Oh, Play That Thing: A Novel

Oh, Play That Thing: A Novel

by Roddy Doyle

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The sequel to Roddy Doyle’s beloved novel A Star Called Henry – an entertaining romp across America in the 1920s

Watch for Roddy Doyle’s new novel, Smile, coming in October of 2017

Fleeing the Irish Republican paymasters for whom he committed murder and mayhem, Henry Smart has left his wife and infant daughter in Dublin and is off to start a new life. When he lands in America, it is 1924 and New York City is the center of the universe. Henry turns to hawking cheap hooch on the Lower East Side, only to catch the attention of the mobsters who run the district. In Chicago, Henry finds a newer America alive with wild, happy music played by a man with a trumpet and bleeding lips called Louis Armstrong. But in a city also owned by the mob, Armstrong is a prisoner of his color. He needs a man--a white man--and the man he chooses is Henry Smart.

Product Details

ISBN-13: 9781440622670
Publisher: Penguin Publishing Group
Publication date: 10/25/2005
Series: The Last Roundup , #2
Sold by: Penguin Group
Format: NOOK Book
Pages: 384
Sales rank: 910,569
File size: 405 KB
Age Range: 18 Years

About the Author

Roddy Doyle is an internationally bestselling writer. His first three novels—The Commitments, The Snapper, and the 1991 Booker Prize finalist The Van—are known as The Barrytown Trilogy. He is also the author of the novels Paddy Clarke Ha Ha Ha (1993 Booker Prize winner), The Woman Who Walked into Doors, and A Star Called Henry, and a non-fiction book about his parents, Rory&Ita. Doyle has also written for the stage and the screen: the plays Brownbread, War, Guess Who's Coming for the Dinner, and The Woman Who Walked Into Doors; the film adaptations of The Commitments )as co-writer), The Snapper, and The Van; When Brendan Met Trudy (an original screenplay); the four-part television series Family for the BBC; and the television play Hell for Leather. Roddy Doyle has also written the children's books The Giggler Treatment, Rover Saves Christmas, and The Meanwhile Adventures and contributed to a variety of publications including The New Yorker magazine and several anthologies. He lives in Dublin.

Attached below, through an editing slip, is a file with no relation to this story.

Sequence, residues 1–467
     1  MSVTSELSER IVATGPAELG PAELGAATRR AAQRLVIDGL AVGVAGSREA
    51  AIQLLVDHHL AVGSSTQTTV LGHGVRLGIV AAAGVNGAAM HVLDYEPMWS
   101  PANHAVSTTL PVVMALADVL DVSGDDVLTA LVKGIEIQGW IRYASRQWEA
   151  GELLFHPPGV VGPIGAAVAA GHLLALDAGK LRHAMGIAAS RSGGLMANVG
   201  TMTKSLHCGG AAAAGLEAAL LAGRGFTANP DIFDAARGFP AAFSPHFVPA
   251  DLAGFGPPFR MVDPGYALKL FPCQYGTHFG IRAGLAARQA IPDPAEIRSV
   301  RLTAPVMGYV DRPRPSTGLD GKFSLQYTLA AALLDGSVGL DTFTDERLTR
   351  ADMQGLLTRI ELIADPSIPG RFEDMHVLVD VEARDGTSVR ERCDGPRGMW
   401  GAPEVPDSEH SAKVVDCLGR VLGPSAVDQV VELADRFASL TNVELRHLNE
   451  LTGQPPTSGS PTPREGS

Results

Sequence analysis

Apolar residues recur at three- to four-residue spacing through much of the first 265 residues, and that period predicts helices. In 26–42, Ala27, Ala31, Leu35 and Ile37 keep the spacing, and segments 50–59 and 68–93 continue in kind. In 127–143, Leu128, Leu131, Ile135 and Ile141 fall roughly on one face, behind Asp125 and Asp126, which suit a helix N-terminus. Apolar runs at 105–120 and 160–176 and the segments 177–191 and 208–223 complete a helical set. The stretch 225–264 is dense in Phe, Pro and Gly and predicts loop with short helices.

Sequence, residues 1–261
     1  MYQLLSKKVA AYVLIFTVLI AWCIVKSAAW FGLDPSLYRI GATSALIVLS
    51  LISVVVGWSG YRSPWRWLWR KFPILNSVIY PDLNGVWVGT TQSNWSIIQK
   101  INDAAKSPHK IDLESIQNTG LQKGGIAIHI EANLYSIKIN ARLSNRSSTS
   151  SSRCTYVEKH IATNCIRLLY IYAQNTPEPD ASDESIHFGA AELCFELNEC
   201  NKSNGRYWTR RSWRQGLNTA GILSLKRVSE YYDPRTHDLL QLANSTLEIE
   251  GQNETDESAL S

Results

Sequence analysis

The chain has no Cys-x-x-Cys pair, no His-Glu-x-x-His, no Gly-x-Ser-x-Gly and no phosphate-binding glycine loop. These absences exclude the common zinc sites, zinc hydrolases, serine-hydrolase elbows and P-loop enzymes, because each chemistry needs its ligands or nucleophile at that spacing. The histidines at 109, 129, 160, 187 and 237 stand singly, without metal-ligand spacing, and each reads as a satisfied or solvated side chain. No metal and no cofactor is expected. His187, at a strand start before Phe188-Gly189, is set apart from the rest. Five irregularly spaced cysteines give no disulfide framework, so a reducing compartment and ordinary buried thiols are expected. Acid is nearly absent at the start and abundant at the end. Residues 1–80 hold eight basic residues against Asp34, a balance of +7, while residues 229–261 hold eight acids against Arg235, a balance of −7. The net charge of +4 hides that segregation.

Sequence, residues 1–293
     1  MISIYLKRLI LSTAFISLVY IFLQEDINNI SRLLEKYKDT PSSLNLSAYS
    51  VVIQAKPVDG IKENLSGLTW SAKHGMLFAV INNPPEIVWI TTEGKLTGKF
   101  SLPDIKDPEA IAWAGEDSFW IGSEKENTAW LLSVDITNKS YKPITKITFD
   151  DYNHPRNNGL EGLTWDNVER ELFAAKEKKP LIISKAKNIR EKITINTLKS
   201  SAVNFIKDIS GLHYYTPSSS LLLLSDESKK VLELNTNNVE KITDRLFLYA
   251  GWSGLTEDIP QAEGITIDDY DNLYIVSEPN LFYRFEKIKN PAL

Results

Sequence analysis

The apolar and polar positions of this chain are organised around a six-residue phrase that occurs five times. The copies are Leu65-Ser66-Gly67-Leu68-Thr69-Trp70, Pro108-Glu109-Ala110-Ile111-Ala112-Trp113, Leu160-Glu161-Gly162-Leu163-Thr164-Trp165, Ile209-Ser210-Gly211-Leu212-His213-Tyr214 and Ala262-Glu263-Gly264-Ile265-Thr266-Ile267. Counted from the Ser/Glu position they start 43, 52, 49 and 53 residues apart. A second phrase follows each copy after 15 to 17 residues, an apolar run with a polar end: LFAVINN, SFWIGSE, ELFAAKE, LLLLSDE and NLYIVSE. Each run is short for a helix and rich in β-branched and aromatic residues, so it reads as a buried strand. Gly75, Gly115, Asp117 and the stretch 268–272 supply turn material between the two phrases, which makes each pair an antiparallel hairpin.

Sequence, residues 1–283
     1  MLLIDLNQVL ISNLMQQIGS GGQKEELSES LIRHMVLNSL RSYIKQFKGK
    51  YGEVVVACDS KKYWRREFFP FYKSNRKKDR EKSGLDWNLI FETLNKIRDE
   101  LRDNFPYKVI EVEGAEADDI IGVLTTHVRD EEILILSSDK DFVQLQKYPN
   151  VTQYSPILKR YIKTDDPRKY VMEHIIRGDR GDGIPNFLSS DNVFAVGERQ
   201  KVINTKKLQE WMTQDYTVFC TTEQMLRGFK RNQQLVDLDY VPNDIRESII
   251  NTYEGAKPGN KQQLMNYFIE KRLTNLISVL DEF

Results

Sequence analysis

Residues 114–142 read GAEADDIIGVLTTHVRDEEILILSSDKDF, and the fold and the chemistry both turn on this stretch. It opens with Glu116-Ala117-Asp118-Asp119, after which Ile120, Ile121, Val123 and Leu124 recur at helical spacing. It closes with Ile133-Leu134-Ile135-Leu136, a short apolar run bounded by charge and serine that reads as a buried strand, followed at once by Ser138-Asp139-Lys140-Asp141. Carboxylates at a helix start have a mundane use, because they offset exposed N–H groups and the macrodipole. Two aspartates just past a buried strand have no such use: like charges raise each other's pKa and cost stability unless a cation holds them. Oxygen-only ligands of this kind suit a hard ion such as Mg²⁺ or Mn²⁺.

Read an Excerpt

I could bury myself in New York. I could see that from the boat as it went under the Statue of Liberty on a cold dawn that grew quickly behind me and shoved the fog off the slate-coloured water. That was Manhattan, already towering over me. It made tiny things of the people around me, all gawking at the manmade cliffs, and the ranks of even higher cliffs behind them, stretching forever into America and stopping their entry. I could see the terror in their eyes.